Not specified on sausage?: Tönnies and Co. are said to have processed mechanically separated meat

Not stated on sausage?
Tönnies and Co. are said to have processed mechanically separated meat

Using a new method, researchers are finding mechanically separated meat in many meat products from major manufacturers such as Tönnies or Wiesenhof. This is no longer meat, but a substitute product made from animal remains. The processing must be declared – but it is often not.

Several large meat companies in Germany are said to have used mechanically separated meat in sausage and cold cut products, without declaring it on the packaging and thus misleading consumers about the content. This is reported by NDR and “mirror“. As a result, researchers at Bremerhaven University found evidence of mechanically separated meat in a third of the 30 products tested. Numerous tested meat products come from the manufacturers Wiesenhof and Tönnies. However, the manufacturers reject the allegations.

In legal terms, mechanically separated meat is no longer meat, but a “substitute ingredient” because a lot of slaughter leftovers are processed during production. Whole carcasses are often placed in a large machine. Fat, muscle fibres, crushed bones and connective tissue are then pressed together into a pulpy mass, which is finally finely sieved; Tendons, spinal cord or nerve tissue can still get into the meat. “The sale or addition of the meat pulp is only allowed if it comes from pigs or poultry – and if this is marked on the package,” writes the “Spiegel”.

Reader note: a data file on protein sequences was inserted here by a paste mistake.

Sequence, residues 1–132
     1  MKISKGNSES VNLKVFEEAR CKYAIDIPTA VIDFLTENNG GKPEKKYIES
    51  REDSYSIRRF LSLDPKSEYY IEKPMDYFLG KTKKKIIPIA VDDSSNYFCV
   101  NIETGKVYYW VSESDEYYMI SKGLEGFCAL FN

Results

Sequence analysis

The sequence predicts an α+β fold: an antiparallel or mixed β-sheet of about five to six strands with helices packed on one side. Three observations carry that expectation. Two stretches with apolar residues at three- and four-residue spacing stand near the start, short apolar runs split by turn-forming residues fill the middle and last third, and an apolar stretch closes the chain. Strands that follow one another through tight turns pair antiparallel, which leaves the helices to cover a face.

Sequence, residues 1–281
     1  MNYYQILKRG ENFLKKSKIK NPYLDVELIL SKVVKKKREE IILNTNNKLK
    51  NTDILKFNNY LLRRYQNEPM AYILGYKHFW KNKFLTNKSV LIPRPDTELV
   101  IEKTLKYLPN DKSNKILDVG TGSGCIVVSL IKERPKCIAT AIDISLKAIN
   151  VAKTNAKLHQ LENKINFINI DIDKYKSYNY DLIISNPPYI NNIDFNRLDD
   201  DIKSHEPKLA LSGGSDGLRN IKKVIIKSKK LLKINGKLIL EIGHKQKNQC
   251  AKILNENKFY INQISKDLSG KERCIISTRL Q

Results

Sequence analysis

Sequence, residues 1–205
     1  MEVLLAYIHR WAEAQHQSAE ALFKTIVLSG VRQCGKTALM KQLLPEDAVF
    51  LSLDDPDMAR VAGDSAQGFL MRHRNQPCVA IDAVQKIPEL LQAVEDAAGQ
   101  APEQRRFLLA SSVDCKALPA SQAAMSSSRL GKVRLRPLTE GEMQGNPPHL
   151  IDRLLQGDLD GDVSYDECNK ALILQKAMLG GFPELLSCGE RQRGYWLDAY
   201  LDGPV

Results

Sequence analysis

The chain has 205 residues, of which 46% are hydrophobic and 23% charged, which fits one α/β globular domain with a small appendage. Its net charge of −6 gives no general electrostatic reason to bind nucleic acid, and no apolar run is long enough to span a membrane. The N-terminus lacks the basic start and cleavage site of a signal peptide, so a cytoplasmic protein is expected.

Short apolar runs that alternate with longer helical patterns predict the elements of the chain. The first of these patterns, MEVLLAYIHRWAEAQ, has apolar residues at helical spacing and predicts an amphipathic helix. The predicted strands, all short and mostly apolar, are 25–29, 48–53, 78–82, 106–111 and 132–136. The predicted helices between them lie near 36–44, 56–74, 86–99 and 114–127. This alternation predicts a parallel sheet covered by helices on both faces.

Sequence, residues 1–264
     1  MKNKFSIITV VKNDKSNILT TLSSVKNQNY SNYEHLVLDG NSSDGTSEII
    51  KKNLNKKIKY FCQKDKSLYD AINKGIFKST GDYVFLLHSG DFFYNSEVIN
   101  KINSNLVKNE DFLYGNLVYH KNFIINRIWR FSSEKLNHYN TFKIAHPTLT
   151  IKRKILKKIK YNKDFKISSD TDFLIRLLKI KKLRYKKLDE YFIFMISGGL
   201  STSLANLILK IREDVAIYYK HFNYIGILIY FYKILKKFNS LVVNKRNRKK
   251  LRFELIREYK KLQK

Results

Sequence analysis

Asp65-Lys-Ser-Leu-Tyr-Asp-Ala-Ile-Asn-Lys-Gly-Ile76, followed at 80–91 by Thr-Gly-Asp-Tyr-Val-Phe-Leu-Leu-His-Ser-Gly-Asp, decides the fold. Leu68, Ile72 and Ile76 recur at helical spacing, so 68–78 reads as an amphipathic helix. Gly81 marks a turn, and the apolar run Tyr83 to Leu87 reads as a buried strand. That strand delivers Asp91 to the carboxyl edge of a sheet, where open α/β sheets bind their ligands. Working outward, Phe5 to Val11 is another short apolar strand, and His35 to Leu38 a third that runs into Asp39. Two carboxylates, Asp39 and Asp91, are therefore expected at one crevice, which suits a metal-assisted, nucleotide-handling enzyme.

“When meat companies use mechanically separated meat without pointing it out on the products, that’s consumer deception on a grand scale,” said Armin Valet from the Hamburg consumer center to the magazine. Foodwatch even speaks of “consumer fraud” if the suspicion is confirmed: “The goods should not be sold.”

Manufacturers doubt the research method

The research team from Bremerhaven was able to identify mechanically separated meat using a new method that looks for a specific protein in the meat products that is only found in cartilage and intervertebral discs. In a blind study, the scientists were able to prove that this protein occurs in 41 of 42 test sausages – with and without evidence of mechanically separated meat.

According to “Spiegel”, however, all manufacturers of the products now tested have denied the use of mechanically separated meat. A company spokesman for a Tönnies subsidiary questioned the examination method and referred to processed meat from young poultry, which could contain a small proportion of cartilage cells. However, cartilage markers were not examined at all. A law firm commissioned by Wiesenhof also emphasized that the method had not yet been officially recognized.

But that could change soon. The State Office for Food Safety in Mecklenburg-Western Pomerania said the method was “forward-looking”. Testing laboratories already have the necessary equipment so that food inspectors can use them in their everyday work.

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